While the recent March quarter contraction of Australia’s economy, with reports of a potential recession looming, gave the media and many bloggers some great fodder for their doom and gloom speculation, industry experts are suggesting that in reality, the glass is actually more than half full.
Optimistically, the head of Treasury recently announced that we are on the brink of a boom that is set to last decades. And in the long term this will be very good for property.
In an article in The Age newspaper, Martin Parkinson said Treasury had anticipated the March quarter downturn, with the view that both the first three months of the year and the June quarter would be weak.
However high export prices, increased output in the mining industry and a “once-in-a-century” global realignment will see, “a strong rebound with very positive growth prospects in 2011-12 and 2012-13.”
Although there had been, in Parkinson’s words, many “extravagant claims” about the effects a carbon tax would have on the impending good fortunes of our economy, he says these don’t stand up to scrutiny.
The robust resources sector already has around $380 billion of mining investment currently under way or committed over the next five years. And over the coming year, $83 billion is being invested to enhance mining capacity which is an increase from $51 billion for the 2010-11 financial year.
Parkinson says this increased investment has been driven by, “an expectation of continued very strong growth in demand for commodities worldwide – we are talking about China, India and a range of other countries that are rapidly improving the living standards of their people”.
“Because those projects are for mines that will exist for 20, 30, 40 even 50 years, they will not be knocked off course by short-term disruptions,” he said.
If you think about it, this is money coming in from overseas and being spent on major projects in Australia. And this is just for the initial infrastructure. Then there will be the ongoing economic benefit of operating these resources projects. This is a very different situation from a couple of years ago where more money was flowing out of Australia than was coming in.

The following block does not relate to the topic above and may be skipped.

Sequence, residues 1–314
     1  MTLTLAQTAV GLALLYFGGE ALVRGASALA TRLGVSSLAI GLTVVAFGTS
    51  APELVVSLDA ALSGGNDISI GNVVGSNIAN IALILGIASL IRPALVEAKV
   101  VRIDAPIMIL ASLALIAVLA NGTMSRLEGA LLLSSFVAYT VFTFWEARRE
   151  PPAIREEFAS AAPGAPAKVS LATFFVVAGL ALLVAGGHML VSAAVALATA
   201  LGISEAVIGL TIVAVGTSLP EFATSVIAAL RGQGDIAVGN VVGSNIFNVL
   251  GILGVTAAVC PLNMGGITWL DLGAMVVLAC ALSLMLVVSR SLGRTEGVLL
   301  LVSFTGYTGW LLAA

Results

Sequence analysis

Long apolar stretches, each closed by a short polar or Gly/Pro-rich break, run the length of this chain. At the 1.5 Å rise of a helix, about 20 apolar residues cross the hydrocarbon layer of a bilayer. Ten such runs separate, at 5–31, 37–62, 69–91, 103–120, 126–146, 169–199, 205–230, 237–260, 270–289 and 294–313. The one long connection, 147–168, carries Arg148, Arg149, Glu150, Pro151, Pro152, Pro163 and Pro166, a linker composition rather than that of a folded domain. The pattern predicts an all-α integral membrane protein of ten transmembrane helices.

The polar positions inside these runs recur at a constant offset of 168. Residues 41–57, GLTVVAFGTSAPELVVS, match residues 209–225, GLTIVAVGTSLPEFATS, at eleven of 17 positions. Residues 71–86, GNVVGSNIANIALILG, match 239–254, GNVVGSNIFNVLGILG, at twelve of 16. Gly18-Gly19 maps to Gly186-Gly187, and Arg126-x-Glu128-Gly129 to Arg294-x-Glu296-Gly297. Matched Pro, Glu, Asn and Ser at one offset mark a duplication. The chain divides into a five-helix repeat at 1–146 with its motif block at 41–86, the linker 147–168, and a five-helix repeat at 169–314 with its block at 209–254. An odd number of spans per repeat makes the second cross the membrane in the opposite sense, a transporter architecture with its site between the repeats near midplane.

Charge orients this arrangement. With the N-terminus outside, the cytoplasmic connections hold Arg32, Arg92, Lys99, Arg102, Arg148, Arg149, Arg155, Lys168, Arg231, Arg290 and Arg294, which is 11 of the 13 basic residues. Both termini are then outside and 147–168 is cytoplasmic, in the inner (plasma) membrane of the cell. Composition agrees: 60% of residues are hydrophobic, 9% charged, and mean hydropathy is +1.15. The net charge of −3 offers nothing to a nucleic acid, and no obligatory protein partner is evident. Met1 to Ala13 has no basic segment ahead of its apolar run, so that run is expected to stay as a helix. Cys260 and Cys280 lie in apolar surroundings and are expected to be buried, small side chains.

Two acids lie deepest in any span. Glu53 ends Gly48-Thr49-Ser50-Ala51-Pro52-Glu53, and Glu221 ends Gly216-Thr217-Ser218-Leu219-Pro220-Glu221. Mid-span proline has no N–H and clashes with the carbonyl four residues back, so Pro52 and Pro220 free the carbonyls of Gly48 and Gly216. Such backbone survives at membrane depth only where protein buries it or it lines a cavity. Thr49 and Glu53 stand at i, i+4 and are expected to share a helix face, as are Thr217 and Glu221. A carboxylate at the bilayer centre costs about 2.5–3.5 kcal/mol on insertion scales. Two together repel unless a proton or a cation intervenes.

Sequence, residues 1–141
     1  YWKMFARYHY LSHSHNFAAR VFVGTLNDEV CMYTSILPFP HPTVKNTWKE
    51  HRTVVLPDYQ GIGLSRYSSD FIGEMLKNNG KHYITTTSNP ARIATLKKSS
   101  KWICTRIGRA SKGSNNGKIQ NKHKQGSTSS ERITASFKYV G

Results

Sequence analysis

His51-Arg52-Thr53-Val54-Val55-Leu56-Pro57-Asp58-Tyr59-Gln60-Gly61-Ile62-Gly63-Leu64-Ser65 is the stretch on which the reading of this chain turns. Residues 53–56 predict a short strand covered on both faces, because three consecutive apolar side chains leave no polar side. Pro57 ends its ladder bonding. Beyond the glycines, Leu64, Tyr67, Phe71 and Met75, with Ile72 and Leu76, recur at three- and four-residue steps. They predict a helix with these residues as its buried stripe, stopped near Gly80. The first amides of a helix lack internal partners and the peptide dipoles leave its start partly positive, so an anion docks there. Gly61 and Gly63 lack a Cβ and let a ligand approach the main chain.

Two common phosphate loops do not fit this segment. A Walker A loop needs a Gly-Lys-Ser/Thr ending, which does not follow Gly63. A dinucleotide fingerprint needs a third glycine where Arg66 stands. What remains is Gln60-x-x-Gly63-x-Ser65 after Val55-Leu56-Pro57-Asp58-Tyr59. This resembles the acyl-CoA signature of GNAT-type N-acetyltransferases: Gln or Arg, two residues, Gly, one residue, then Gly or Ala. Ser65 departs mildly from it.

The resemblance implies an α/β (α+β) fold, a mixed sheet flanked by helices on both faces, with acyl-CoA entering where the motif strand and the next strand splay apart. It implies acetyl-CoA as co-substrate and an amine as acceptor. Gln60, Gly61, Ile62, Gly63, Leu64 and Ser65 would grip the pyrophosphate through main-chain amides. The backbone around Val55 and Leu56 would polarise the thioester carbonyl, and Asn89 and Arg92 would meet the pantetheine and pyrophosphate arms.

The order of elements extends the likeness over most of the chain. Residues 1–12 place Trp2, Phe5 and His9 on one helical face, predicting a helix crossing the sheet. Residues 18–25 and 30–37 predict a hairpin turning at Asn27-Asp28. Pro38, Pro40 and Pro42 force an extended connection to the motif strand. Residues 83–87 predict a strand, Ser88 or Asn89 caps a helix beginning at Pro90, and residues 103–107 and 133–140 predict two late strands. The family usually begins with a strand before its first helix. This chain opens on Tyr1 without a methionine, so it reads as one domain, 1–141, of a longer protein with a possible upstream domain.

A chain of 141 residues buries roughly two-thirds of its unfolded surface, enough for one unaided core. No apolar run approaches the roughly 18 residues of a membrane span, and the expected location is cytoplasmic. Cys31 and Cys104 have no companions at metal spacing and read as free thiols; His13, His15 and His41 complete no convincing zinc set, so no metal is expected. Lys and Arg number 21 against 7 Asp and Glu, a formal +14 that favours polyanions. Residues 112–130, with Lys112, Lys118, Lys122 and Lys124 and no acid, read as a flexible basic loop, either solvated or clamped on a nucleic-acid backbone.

Meanwhile, Treasury chief economist David Gruen says that the Australian economy is “in the midst of long lived change”, and claims the Aussie dollar is unlikely to return to its historical long-term average “any time soon”.
While much is being made of the mining boom driving Australia’s economic prosperity forward, Parkinson says the import placed on this one sector is “quite bizarre”.
“Mining is 8 per cent of gross domestic product,” he said. “It’s a very important 8 per cent, but there’s a very important 92 per cent of GDP which is out there which for some reason we have stopped talking about.”
One thing is certain when it comes to the future of our fiscal fortunes. We are now, more than ever, benefiting from the incredibly rapid growth of the new kid on the block. China’s accelerated growth is proving a boon for Australia and as long as their economy continues to boom, and it should for years to come (with the occasional hiccough along the way), ours will also remain strong. And of course we’re also benefitting from India’s urbanisation and economic growth.
A prosperous nation, a strong economy and wages growth are fundamental requirements for a strong property market, so putting all this together, the long term prospects for Australian property look good.
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